Signs of being too acidic include anxiety and agitation, candida, cancer, adrenal fatigue, being physically tired but mentally keyed up, rapid and shallow breathing, shortness of breath, and sleepiness. People with diabetes often have low blood pH and are considered acidic.5,
Eating according to the season (seasonal eating) is always recommended, but is especially important for those who have heart, kidney or lung disease, and anyone who is inactive due to other health restrictions.
In the winter months, seasonal eating dictates eating more animal protein and fats, more whole grains, and only eating cooked vegetables. Since the body is working harder to stay warm, more protein and fat is required. The body will naturally become more acidic due to increased protein and fat, and due to less physical activity which is typical in winter.
It is recommended that everyone take a break from “alkalizing” in the winter. Having said that, it is still important to eat a balanced diet of organic foods and avoiding junk food. Eating seasonally in the winter means cooking vegetables that have been harvested in the fall, along with nuts, seeds, and meats. Click here for a list of recommended foods for winter.
Always talk with your doctor before making major dietary and exercise changes, and never stop taking medication without your doctor’s approval. Certain foods have been known to interact with certain medication; consult with your doctor or pharmacist if you have concerns about possible interactions.
Allen, S., Cherney, K., & Boskey PhD, E. (2017, June 16). Acidosis. Retrieved from Healthline: https://www.healthline.com/health/acidosis
Casiday, R., & Frey, R. (2008, September 05). Blood, Sweat, and Buffers: pH Regulation During Exercise. Retrieved from Washington University in Saint Louis: http://www.chemistry.wustl.edu/~edudev/LabTutorials/Buffer/Buffer.html
Del Carmen, C. (2010, May 21). Aerobic or Anaerobic – Which One Maintains Body’s Ph Balance? Retrieved from The Alkaline Diet: https://thealkalinediet.org/blog/aerobic-or-anaerobic-which-one-maintains-bodys-ph-balance
Diet for Kidney Stone Prevention. (n.d.). Retrieved from National Kidney and Urologic Diseases Information Clearinghouse : https://www.uaf.edu/chc/community-resources/educational-resources/NKUDIC_KidneyStoneDiet_FS.pdf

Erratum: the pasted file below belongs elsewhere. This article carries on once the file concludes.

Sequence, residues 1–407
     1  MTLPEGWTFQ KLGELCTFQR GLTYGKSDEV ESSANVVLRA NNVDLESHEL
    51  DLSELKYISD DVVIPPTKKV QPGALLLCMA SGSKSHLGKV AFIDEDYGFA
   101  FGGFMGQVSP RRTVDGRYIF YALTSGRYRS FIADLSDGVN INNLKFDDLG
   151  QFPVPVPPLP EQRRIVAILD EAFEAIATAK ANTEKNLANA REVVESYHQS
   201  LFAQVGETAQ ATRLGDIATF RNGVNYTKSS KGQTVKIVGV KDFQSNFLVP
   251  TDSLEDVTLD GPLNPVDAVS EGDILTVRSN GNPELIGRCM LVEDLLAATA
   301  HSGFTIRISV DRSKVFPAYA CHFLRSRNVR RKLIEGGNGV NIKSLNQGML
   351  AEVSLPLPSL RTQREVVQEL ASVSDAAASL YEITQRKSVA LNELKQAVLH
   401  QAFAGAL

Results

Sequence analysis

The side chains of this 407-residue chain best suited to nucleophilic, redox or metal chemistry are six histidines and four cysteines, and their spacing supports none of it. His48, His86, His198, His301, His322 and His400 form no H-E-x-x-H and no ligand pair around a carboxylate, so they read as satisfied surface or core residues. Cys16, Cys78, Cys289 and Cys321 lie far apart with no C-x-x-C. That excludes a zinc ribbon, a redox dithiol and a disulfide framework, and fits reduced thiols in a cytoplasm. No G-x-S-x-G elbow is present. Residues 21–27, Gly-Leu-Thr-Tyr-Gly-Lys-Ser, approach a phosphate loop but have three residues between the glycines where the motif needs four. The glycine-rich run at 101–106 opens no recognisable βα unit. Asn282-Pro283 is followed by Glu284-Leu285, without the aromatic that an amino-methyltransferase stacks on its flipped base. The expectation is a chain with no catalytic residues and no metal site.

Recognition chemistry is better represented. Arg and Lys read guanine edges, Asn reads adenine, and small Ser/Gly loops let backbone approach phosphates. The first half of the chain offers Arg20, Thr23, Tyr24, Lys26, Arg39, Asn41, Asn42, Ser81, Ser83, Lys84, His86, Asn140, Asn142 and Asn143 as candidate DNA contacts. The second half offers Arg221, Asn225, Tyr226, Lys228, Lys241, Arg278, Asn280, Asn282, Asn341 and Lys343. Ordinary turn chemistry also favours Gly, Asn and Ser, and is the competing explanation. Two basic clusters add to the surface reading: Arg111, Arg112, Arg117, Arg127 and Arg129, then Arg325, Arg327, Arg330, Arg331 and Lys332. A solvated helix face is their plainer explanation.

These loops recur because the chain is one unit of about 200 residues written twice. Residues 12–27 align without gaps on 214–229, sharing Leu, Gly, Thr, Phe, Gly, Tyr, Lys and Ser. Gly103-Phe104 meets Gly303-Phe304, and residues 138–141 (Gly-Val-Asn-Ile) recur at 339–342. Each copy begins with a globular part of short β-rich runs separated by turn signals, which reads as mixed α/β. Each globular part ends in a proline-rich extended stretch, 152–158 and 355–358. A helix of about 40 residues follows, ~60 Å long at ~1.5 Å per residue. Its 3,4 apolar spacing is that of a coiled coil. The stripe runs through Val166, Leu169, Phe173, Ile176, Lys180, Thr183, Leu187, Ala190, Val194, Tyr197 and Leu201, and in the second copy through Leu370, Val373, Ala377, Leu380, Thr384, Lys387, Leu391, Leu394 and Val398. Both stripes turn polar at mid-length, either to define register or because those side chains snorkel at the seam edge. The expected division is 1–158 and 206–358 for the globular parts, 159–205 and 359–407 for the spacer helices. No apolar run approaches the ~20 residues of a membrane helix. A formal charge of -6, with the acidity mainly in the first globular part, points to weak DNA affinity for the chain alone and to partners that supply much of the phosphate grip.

Flannery, D. (2014, April 08). How Alkaline and Acidic Diets Affect Your Health. Retrieved from Healthwise Clinical Nutrition: http://drflannery.com/how-alkaline-and-acidic-diets-affect-your-health/
Gottfried, D. S. (n.d.). Eating Alkaline Foods: How to Test and Improve Your pH Levels. Retrieved from Dr. Sara Gottfried: http://www.saragottfriedmd.com/eating-alkaline-foods-how-to-test-and-improve-your-ph-levels/
Kellum, J. A. (2000, January 24). Determinates of Blood pH in Health and Disease. Retrieved from National Center for Biotechnology Information: https://www.ncbi.nlm.nih.gov/pmc/articles/PMC137247/
Kim, D. B. (2017, August 07). The Truth About Alkalizing Your Blood. Retrieved from Dr. Ben Kim: http://drbenkim.com/ph-body-blood-foods-acid-alkaline.htm
Pietrangelo, A. (2016, November 02). Acid-Base Balance. Retrieved from Healthline: https://www.healthline.com/health/acid-base-balance
Samuel, L. (n.d.). Handling pH: How Your Body Regulates Acidity. Retrieved from Interactive Biology: http://www.interactive-biology.com/4081/handling-ph-how-your-body-regulates-acididity/
Sellers, K. (2008, April 24). Can Your Body’s pH Be Too Alkaline? Retrieved from Natural News: https://www.naturalnews.com/023097_alkaline_water_body.html
 Kim, D. B. (2017, August 07)
 Samuel, L.
 Gottfried, D. S
 Diet for Kidney Stone Prevention
 Flannery, D. (2014, April 08)
 Pietrangelo, A. (2016, November 02)
 Sellers, K. (2008, April 24)
 Del Carmen, C. (2010, May 21)
 Allen, S., Cherney, K., & Boskey PhD, E. (2017, June 16)